|Captain Johnnie Walker|
The Battle of the Atlantic was an international effort, straining the sinews of sailors, airmen, shipbuilders, dockyard workers, scientists and the armaments industry. But if any individual could claim to have turned the tide against the U-boat, then it would be Captain Frederic John ‘Johnnie’ Walker, a man who destroyed more U-boats than any other – at least 14, perhaps 20. Walker was a naval hero in the mould of Drake or Nelson and Winston Churchill himself admitted that without triumph in the Battle of the Atlantic, Britain was in danger of losing the war, Walkers name is today associated with two British sloop ships, Starling and Stork. Based in Liverpool and sailing from Gladstone Dock, Johnnie Walker is quoted as saying, “They have given me a free hand and I’m going to show them what I can do”.
Walker received a command in October 1941, taking control of the 36th Escort Group, commanding from the Bittern-class sloop Stork. The escort group comprised two sloops (including Stork) and six corvettes and was based in Liverpool, home of Western Approaches Command. Initially his Group was primarily used to escort convoys to and from Gibraltar.
His first chance to test his innovative methods against the U-boat menace came in December when his group escorted Convoy HG 76 (32 ships). During the journey five U-boats were sunk, four by Walker's group, including U-574 which was depth-charged and rammed by Walker's own ship on 19 December..
|Convoy HG 76 ©Trinity Mirror|
It was the formation of the 2nd Support Group (2SG) in the summer of 1943 which cemented Walker’s reputation, however. Two factors were key: the creation of dedicated hunting groups, rather than U-boat escorts, and what Walker called the ‘creeping’ attack. One ship would direct another in for the kill, dropping a succession of depth charges at nine-second intervals. The method gave the foe no warning – and no escape.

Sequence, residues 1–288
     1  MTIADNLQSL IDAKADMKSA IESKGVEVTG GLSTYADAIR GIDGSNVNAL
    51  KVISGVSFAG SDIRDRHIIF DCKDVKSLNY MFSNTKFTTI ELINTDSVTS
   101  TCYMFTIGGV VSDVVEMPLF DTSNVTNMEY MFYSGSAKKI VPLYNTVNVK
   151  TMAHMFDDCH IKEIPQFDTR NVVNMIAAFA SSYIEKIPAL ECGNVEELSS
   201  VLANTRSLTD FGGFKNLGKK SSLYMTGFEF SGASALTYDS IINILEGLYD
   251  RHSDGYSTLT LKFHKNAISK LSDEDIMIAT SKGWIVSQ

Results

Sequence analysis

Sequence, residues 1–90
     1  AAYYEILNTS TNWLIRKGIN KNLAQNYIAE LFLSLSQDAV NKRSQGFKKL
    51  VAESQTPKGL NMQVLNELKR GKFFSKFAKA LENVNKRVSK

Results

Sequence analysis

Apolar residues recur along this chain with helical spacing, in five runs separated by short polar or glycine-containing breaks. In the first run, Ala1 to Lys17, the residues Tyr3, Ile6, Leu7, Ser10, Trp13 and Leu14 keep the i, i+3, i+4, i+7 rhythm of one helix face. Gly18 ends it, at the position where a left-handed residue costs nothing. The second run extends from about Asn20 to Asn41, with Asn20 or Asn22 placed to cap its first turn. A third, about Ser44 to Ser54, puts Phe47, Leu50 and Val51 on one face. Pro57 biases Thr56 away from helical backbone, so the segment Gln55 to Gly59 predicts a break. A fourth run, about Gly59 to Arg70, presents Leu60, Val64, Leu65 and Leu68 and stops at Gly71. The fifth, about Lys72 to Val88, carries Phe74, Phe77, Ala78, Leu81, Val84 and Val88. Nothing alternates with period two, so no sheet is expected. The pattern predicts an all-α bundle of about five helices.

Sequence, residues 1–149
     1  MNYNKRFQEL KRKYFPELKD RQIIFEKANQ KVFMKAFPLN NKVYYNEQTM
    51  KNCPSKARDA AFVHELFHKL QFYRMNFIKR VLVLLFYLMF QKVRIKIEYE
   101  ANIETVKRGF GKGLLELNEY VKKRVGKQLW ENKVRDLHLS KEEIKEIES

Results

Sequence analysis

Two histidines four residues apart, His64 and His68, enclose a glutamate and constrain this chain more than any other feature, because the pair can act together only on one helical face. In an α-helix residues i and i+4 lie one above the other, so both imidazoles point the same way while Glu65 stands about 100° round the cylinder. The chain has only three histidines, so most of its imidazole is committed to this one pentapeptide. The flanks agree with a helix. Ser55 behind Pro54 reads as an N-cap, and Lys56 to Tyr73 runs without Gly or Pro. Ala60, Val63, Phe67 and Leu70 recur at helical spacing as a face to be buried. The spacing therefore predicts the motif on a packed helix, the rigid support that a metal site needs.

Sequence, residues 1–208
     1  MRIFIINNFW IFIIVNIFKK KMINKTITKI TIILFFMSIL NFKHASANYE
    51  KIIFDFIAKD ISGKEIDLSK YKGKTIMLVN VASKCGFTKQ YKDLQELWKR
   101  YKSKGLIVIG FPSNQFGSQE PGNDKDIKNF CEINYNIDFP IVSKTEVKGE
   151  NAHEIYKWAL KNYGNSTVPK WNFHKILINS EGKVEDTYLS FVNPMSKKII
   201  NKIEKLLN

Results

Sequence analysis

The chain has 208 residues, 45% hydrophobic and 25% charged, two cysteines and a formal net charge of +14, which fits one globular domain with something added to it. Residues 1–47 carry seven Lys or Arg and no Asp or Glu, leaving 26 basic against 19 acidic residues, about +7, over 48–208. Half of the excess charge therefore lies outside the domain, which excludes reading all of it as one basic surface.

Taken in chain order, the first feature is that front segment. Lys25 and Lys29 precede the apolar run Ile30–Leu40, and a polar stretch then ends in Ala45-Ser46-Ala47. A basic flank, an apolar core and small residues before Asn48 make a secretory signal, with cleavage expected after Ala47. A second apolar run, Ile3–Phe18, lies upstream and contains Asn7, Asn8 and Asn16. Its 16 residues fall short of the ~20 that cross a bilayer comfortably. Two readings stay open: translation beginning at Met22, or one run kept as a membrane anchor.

|German U Boat August 1943|
photograph ©Royal Navy (IWM)
On 6 November 1943 Walker's group sank U-226 and U-842. In early 1944 Walker's group displayed their efficiency against U-boats by sinking six in one patrol. On 31 January 1944 Walker's group gained their first kill of the year when they sank U-592. On 9 February his group sank U-762, U-238, and U-734 in one action, and then sank U-424 on 11 February, and U-264 on 19 February. On 20 February 1944 one of Walker's group, HMS Woodpecker, was torpedoed and sank seven days later while being towed home; all of her crew were saved.
Captain Walker and his men, returned to their base at Liverpool to the thrilled jubilation of the city's inhabitants and the Admiralty. The First Lord of the Admiralty was present to greet Walker and his ships. Walker was awarded a second bar to his DSO. First Lord of the Admiralty, A V Alexander, is quoted as saying, “one of the greatest cruises, the greatest cruise perhaps, ever undertaken in this war by an escort group”.
|Liverpool greet the Starling, her sister sloops and Captain Johnnie Walker on their return to Liverpool.February 1944|
|Captain FJ Walkers funeral aboard the Hesparus|
© Mike Kemble
It was to Walker that the Allies turned to safeguard the Normandy invasion fleet from U-boat attack a few months later. The German submarines did not penetrate his shield. The one victim of Normandy, however, was Walker. He died from a stroke on July 7 1944 caused by months of overwork and exhaustion. A very public funeral in Liverpool and burial at sea followed, although Walker would probably have baulked at the former. He hated the press accolades, the tag of hero. “Please don’t call me the ‘ace U-boat killer’,” he pleaded during one public engagement.
“That formidable character is a thousand British Jack Tars.”
|A statue in his honour now stands at the Pier Head in Liverpool.|
Imperial War Museum
Liverpool Central Library
(IWM) indicates, images courtesy of the Imperial War Museum